Why Finish Wood?
While choosing which type of wood finish to apply to your wood furniture, floors or other woodwork projects might be a dilemma, we can all agree that applying a good finish to your wood is absolutely essential.
Without a good finish, wood is likely to deteriorate – it may dry, crack, or swell if exposed to moisture, or shrink due to other weather changes. A good wood finish not only seals the wood against the elements, but also protects against accidental damage such as stains or scratches. Wood finishes also enhance the appearance of the wood by adding color and contrast.
Types of Wood Finishes
Types of wood finishes have evolved over time with various consumer demands. The two main players in the market are penetrating oils and polyurethane finishes.Penetrating oil finishes, typically derived from plants, do just want the name suggests – they penetrate and fortify the wood from the inside, at the same time allowing the wood to ‘breathe’. They have been around for several decades, and have a long tradition of use in Scandinavian countries.
Polyurethane finishes on the other hand, are a blend of synthetic resins that harden into a protective plastic-like coating on the surface of the wood. These were developed to meet the consumer demand for a type of wood finish that is very durable, and the mostly widely used are water-based and oil-based.
Wood Finishes are Trending to Penetrating Oils
Lately, a new trend has emerged with types of wood finishes. Over the last few years, there has been a shift away from polyurethane wood finishes towards traditional penetrating oil finishes. The key drivers of this shift in trend are two main differences in characteristics of penetrating oils and polyurethane wood finishes:
1. Ease of Application
One of the first things to notice about penetrating oil finishes is their ease in application. Unlike the tricky application of polyurethane finishes where chances of overlap lines or streaking are high, a penetrating oil is far more forgiving in nature during application.
2. Durability and Repair-ability
The general perception is that polyurethane is more durable than penetrating oils. However, that is not the entire truth – while it is true that a polyurethane finish can provide good protection against scratches and scuffs, the problems that do appear (as they will, because such is life!), cannot be spot-repaired. Repairing problems on a polyurethane surface will require sanding and refinishing the entire surface area all over again.In contrast, a damaged area on a surface that is finished using penetrating oils, can be fixed locally by cleaning and re-oiling the area, and should blend with the rest of the surface. As long as the surface is maintained with the recommended cleaning products, like and re-oiled on average every four to six years, most signs of wear and tear will disappear and re-sanding will not be required.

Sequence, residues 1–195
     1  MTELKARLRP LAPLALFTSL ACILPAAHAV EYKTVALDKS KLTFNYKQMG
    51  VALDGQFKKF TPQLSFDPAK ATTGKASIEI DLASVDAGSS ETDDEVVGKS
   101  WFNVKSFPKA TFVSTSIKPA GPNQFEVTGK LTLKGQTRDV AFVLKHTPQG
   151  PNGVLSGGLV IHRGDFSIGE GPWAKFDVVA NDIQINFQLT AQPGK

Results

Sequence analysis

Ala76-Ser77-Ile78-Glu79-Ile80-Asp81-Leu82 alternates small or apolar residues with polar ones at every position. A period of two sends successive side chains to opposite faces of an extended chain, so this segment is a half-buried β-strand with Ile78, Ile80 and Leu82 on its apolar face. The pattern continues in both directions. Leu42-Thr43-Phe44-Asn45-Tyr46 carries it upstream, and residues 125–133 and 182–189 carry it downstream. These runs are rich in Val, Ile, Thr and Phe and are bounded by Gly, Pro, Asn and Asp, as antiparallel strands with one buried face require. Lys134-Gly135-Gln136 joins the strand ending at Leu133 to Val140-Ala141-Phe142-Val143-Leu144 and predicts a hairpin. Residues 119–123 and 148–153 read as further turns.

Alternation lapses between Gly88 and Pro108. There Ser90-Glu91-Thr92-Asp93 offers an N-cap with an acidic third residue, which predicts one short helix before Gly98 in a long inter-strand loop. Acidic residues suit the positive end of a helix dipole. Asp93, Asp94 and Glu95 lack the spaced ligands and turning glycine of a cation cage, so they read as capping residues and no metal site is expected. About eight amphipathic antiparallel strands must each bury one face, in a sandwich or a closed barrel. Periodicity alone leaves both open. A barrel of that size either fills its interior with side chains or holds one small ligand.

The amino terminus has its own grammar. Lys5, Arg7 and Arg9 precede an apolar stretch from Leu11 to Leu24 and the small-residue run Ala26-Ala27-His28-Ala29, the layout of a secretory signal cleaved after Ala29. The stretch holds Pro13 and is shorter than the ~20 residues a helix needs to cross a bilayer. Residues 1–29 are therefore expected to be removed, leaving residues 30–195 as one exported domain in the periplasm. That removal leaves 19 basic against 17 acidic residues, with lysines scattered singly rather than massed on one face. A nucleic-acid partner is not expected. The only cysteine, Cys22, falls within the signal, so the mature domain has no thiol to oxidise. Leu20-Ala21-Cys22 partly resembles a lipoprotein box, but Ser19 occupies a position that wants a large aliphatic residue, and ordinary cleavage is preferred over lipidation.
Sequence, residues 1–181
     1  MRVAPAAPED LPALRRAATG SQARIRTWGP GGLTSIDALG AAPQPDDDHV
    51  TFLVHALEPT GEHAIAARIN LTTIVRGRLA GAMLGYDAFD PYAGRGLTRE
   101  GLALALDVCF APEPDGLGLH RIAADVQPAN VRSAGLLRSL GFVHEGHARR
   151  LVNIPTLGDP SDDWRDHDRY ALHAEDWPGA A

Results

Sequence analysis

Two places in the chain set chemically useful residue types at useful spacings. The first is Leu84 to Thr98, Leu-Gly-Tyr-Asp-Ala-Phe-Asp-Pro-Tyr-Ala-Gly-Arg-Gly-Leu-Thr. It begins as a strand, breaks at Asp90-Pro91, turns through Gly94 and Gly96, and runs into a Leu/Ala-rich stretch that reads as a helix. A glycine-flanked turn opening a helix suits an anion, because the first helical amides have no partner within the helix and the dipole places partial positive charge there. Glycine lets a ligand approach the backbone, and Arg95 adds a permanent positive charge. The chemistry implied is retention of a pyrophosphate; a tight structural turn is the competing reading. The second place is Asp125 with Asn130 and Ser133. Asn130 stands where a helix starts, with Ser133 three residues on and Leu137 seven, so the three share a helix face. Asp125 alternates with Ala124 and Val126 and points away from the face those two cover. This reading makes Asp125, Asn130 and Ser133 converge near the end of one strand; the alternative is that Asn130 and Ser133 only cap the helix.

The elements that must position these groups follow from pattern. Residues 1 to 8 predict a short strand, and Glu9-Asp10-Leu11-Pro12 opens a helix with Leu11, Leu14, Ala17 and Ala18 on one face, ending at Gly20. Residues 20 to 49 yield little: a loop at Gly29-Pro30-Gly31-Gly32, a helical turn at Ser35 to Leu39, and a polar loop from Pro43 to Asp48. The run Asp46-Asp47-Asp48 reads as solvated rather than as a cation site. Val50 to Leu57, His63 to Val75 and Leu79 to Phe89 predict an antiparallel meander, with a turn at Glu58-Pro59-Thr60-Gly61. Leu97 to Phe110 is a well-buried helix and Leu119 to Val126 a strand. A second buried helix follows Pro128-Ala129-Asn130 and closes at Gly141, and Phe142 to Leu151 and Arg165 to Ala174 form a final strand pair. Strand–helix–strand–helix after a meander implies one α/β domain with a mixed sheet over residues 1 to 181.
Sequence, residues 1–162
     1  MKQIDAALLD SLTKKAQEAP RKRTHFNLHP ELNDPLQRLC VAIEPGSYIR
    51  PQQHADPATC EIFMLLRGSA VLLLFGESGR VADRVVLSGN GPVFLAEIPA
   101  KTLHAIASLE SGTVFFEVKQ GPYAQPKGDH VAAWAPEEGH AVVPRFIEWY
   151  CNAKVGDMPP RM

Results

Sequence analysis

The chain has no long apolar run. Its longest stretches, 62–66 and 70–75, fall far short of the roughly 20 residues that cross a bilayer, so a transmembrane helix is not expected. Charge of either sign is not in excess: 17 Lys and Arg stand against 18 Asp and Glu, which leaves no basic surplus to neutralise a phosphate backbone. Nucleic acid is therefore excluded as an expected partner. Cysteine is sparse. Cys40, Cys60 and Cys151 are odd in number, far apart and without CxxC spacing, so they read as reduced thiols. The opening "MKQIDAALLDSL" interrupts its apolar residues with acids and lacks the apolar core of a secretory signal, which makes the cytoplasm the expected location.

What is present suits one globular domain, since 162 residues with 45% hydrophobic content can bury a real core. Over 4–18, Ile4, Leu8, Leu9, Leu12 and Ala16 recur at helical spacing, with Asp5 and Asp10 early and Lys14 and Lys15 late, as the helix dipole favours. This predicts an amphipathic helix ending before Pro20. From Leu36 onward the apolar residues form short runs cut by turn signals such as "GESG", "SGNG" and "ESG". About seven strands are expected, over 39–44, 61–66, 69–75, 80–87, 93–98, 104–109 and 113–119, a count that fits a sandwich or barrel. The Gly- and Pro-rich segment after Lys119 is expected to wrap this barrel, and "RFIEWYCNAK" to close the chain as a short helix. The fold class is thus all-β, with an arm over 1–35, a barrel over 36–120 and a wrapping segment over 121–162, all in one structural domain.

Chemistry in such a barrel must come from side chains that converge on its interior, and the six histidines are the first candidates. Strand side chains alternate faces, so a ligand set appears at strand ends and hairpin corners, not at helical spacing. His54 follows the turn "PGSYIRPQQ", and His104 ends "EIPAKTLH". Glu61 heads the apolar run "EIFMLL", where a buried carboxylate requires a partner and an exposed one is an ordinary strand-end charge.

Therefore, for high-traffic areas on hardwood floors like those in the foyer or entryway which will eventually need to be repaired, no matter what type of wood finish is in use, it would make sense to use a Penetrating Oil wood finish that is easier to apply and fix.
Penetrating oils lend the most natural aesthetic to the wood among all types of wood finishes, and the architect and design community has wholeheartedly embraced this quality!
Traditional polyurethane finishes are available in all sheen levels. Penetrating oil finishes are low sheen, matte by nature. It is possible to raise the sheen to a satin with WOCA Maintenance Gel, if desired. As the penetrating oil seeps into the wood, the topmost layer scatters the light and enhances the natural appearance of the wood. Industry experts agree that this is as close as one can get to the feel of natural wood, while offering good wear and spill resistance.
See The Wood, Feel The Wood
WOCA believes in strengthening and enhancing the unique characteristics in every piece of wood, not hiding it. From start to finish to cleaning and care, WOCA makes a wood care product for both residential and commercial applications.
It is wise to keep in mind however, that no matter which type of wood finish is used, all wood will experience natural changes in color over time and age.